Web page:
A January 2015 Independent Study Project

The work of this small group ISP will unfold in the archives of the Ringling Museum. We will succumb to archive fever, as Derrida so aptly put it, working with John and Mable Ringling’s rare books. The rare book collection represents the material trace of their desire to educate themselves in literature, art, history, landscape and interior design. Since the Ringling is consulted primarily for its visual arts and circus history materials, this ISP affords a rare opportunity to interpret the meanings of its almost entirely neglected literary holdings. As we examine the rare book collection as a record of the socio-cultural desires of its creators we will interpret the parasemantic meanings of material objects and determine how to represent these in a digital environment. In doing so students will gain practice with digital annotation, basic archival visualization protocols, and collaboratively designing a website. 

In our examinations we will look for annotations, markings, inscriptions, and signs of reading in the wear and tear, earmarks, and cracks in book spines. In addition to these examinations of reader use, we will consider broader questions about book history, fine press and commercial printing conventions, and early twentieth-century collecting practices. What networks of authors, editors, publishers, readers, and collectors does this archive construct?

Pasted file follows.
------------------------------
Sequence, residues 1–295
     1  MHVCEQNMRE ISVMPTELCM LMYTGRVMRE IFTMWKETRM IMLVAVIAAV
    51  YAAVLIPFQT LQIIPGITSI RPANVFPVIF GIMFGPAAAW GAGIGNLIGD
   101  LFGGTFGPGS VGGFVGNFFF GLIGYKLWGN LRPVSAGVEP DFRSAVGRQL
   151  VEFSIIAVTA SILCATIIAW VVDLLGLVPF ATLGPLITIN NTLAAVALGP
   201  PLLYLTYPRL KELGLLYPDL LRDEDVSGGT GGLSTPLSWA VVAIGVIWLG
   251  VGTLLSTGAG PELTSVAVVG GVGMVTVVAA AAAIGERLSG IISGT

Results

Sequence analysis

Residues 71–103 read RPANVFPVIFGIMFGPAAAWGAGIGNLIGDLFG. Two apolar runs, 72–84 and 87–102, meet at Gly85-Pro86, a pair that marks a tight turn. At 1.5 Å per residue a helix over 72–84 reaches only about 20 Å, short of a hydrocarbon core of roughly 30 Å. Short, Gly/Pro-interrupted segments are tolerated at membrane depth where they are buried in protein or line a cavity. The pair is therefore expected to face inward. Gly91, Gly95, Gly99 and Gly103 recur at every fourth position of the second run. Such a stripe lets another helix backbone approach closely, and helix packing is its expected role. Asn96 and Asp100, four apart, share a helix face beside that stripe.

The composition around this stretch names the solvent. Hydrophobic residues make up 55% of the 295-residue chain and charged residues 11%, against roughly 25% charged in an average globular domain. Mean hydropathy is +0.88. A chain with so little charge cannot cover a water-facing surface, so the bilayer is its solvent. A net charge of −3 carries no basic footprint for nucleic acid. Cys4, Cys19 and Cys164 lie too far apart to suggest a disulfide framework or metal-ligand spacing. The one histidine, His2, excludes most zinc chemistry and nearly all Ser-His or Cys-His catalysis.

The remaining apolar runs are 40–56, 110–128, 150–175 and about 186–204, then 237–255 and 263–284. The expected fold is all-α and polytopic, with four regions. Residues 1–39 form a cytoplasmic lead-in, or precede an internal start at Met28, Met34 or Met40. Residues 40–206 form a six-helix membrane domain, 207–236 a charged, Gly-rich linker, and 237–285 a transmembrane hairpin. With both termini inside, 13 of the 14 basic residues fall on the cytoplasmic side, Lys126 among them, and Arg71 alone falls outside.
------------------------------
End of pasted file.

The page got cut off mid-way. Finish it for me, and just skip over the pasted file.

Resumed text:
By the end of the term you will be able to articulate how bibliographic codes reinforce linguistic codes, the political implications of archives, and apply the terms of analytic bibliography. Depending on group interest we may also wish to consider Mable’s rose garden and the estate’s landscaping as vegetal archives that extend the textual archive.



To satisfactorily complete this ISP you will be expected to meet twice a week as a group at the Ringling Museum Library for archival work, read and discuss essays on theories of the archive, and contribute your own digital artifact page of a rare book of your choice to the collaboratively-constructed class website. As a group you will determine how to design the class digital archive so as to demonstrate the Ringling collection’s place in early twentieth-century intellectual and social networks, interrelationships between its documents, and the ways in which users might explore the website. Students who have not yet taken a class with me are encouraged to enroll in this ISP rather than proposing an individual ISP.